• The Stormguard, undead samurai guardians that serve Himiko as Elite Mooks don't make an appearance in the film.
    • Mathias Vogel is still the primary antagonist, but instead of leading the Solarii Brotherhood, he's now a part of Trinity.
    • The 2013 game's supernatural plot elements are entirely missing from the film, having been replaced with a completely mundane explanation for Himiko's powers instead.
  • Adventurer Archaeologist: Lara Croft is one, naturally. Her father is also one as well. Apparently it runs in the family.
  • Age Lift: Ana is considerably older than her video game counterpart who is in her 40s.
  • Alternative Foreign Theme Song: The Japanese version contains a theme song by the female band "E-girls" titled "Dynamite Girl", fitting for Lara Croft's personality.
  • Amazonian Beauty: Lara is first seen in a sparring match at an MMA gym, showing her body to be a knot of muscle. Most of the film is showing her climbing and otherwise flexing that muscle.
  • Ancient Tomb: Himiko's tomb, obviously.
  • Artistic License – Biology: Pretty much everything about the Himiko virus. Even the fastest viruses (Ebola, West Nile, norovirus) take 12 hours to begin causing symptoms by contact (vs. the quicker ingestion). Even the fastest ingested viruses measure symptom formation in hours rather than seconds.
    • Plus viruses cannot survive for a long time inhabiting a corpse. All mummies of that age found with evidence of having died of disease, the discovered bacteria/viruses have been so far degraded as to be useless.
  • Artistic License – Martial Arts: The film features a number of characters successfully use grappling choke holds to win fights, but they never once do so while using their legs to control their opponent's lower body, which is almost always essential in preventing a trained opponent from escaping. In one scene, Lara chokes a much larger mercenary using nothing but her slight body weight to keep him in the choke, so in reality he could easily just stand up.
  • Ascended Extra:
    • In a surprising departure from the games, Sir Richard Croft is still alive and plays a major role in the film along with Lara. He also undergoes an Adaptational Badass when it is revealed that after escaping from Mathias Vogel, he had been leaving fake trails to trick Vogel into dead ends for seven years until Lara finds him, and teams up with his daughter in exploring the tomb itself and even partakes in the final gunfight before pulling a Heroic Sacrifice to stop the plague in Himiko's body from leaving the island.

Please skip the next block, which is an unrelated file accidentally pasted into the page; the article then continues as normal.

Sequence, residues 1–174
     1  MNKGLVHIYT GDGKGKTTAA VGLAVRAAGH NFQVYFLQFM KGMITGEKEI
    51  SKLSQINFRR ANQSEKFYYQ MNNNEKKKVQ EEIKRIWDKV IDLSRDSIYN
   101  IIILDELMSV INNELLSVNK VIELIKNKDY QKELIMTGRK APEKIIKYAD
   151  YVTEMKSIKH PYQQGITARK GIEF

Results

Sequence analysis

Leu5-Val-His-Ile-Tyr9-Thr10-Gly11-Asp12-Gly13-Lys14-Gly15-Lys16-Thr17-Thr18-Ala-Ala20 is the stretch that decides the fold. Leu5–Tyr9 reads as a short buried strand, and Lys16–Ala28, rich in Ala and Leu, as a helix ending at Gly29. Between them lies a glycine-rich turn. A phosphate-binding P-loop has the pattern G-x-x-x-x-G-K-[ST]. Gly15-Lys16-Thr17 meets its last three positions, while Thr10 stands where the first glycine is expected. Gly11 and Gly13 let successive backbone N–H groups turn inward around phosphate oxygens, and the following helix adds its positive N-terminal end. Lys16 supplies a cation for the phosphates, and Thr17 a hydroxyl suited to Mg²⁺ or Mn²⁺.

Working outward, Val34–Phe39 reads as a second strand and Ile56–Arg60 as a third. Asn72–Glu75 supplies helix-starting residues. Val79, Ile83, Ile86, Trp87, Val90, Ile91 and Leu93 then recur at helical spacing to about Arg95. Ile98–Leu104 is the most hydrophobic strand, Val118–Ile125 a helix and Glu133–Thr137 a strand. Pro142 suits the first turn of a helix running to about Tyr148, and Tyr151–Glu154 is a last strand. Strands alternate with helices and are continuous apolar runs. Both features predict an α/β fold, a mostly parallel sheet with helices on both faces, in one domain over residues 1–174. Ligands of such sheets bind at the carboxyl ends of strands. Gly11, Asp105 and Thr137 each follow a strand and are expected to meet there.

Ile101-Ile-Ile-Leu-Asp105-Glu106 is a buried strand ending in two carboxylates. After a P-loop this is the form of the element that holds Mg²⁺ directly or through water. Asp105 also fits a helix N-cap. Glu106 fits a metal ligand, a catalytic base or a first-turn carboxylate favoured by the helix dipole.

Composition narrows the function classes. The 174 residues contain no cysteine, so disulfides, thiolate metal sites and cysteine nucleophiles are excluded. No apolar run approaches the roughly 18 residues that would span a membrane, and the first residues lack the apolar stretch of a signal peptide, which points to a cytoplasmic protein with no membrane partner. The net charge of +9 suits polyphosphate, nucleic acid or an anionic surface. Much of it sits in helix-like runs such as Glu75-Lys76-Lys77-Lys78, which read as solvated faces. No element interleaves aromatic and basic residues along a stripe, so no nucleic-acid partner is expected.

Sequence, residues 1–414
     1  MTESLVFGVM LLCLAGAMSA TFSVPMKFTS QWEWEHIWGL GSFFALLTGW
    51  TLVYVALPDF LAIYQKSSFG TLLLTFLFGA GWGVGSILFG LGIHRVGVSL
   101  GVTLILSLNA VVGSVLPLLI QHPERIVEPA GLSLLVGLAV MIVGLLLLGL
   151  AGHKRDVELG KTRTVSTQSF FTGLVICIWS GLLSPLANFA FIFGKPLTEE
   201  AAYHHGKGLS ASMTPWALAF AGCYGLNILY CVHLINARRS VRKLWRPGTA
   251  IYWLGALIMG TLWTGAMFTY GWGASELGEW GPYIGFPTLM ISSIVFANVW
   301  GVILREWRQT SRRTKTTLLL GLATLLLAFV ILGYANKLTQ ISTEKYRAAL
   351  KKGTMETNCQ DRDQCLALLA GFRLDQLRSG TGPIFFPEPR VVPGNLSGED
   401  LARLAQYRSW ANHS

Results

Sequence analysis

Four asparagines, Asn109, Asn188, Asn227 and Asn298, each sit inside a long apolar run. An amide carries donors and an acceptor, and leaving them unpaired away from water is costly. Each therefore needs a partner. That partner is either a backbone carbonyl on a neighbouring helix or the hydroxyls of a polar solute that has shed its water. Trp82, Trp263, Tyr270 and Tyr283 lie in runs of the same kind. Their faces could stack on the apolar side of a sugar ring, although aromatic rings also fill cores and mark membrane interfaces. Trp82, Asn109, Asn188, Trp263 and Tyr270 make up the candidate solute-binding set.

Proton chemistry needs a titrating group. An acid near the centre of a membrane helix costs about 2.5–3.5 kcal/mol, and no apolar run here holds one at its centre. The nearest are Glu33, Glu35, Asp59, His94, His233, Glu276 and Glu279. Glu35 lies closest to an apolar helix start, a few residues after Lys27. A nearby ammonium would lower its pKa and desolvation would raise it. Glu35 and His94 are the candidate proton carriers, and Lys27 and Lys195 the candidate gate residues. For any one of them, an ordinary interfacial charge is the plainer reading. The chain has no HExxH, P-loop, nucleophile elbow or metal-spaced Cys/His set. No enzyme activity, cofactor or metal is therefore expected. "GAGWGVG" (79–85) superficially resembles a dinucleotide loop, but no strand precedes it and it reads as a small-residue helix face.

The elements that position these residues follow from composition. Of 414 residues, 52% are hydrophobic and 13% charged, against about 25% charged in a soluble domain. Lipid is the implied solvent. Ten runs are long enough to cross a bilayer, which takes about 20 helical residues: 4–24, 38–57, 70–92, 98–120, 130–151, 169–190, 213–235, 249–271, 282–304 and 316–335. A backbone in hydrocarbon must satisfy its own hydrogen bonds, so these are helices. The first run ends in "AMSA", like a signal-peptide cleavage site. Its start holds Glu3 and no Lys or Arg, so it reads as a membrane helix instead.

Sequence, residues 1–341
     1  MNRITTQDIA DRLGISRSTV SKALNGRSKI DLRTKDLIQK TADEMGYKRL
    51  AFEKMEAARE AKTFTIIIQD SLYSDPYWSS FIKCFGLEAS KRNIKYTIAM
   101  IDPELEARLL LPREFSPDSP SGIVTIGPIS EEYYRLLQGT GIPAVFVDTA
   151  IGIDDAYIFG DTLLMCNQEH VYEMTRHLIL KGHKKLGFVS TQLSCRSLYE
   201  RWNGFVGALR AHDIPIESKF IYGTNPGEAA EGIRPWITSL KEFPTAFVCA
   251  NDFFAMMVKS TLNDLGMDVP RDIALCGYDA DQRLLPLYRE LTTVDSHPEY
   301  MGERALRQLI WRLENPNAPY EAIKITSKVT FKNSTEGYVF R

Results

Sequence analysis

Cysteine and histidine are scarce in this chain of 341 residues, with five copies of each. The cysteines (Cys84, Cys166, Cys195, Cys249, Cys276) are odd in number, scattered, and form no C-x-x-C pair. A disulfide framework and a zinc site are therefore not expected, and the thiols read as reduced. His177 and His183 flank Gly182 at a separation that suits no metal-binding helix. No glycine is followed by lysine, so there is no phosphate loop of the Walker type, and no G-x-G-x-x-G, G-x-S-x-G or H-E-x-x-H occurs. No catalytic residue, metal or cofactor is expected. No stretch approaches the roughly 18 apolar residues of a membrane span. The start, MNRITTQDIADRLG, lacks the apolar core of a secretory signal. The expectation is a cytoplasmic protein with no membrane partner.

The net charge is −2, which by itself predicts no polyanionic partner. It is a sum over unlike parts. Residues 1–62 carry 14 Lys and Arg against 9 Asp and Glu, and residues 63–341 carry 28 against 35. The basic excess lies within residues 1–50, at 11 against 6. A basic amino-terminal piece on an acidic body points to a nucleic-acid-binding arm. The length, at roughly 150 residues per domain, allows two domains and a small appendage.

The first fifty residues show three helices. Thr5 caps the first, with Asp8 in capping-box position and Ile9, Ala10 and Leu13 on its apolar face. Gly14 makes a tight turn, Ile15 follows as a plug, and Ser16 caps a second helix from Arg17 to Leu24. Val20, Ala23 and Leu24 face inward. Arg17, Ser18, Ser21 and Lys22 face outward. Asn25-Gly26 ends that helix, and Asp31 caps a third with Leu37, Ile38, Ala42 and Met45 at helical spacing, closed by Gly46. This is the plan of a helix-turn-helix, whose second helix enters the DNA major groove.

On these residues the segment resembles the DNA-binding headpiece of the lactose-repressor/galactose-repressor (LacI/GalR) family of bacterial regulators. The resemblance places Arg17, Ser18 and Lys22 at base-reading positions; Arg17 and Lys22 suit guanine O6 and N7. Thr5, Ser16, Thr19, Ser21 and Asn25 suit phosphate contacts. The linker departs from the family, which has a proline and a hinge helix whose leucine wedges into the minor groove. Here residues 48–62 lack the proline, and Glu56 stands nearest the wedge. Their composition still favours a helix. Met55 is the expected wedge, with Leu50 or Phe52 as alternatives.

• Trinity was only mentioned briefly in the 2013 game after collecting all GPS caches before playing a larger role in the sequel. Here, they serve as the Greater-Scope Villain.
  • Beauty Is Never Tarnished: Largely averted, especially compared to the Angelina Jolie films. Especially once on the island you can see characters with sweat stains on their clothes. Lara herself does get banged up a lot over the course of the movie, suffering a number of visible scars with one particular puncture had her bleeding out. She also gets coated in a layer of dirt. But most of the scratches seem superficial, with only one carefully placed slash on her cheek that is mostly faded at the end of the film, and Vikander is still lovingly filmed.
  • Behind the Black: How in hell did the two dozen Yamatai survivors get this close to Mathias' evac helicopter without the pilots noticing them?
    • They did have a lot of tree cover, so the pilots not noticing them from the air is reasonable and from there it would be easy to sneak up on the helicopter while it was on the ground.
  • Big Bra to Fill: Alicia Vikander has a very slim build compared to the famously busty original character. However, the film is based on the 2013 reboot where Lara is far less voluptuous, but complaints about her figure still emerged. Vikander herself mocked this by saying on The Graham Norton Show that her breasts "weren't as pointy as the first Lara Croft".
  • Bleed 'em and Weep: Lara is driven to tears after killing a mook sent to track her down.
  • Body Horror: The effects of Himiko's plague on the human body are quite graphical and definitely not pretty. Tainted Veins are the least of your worries when it hits you.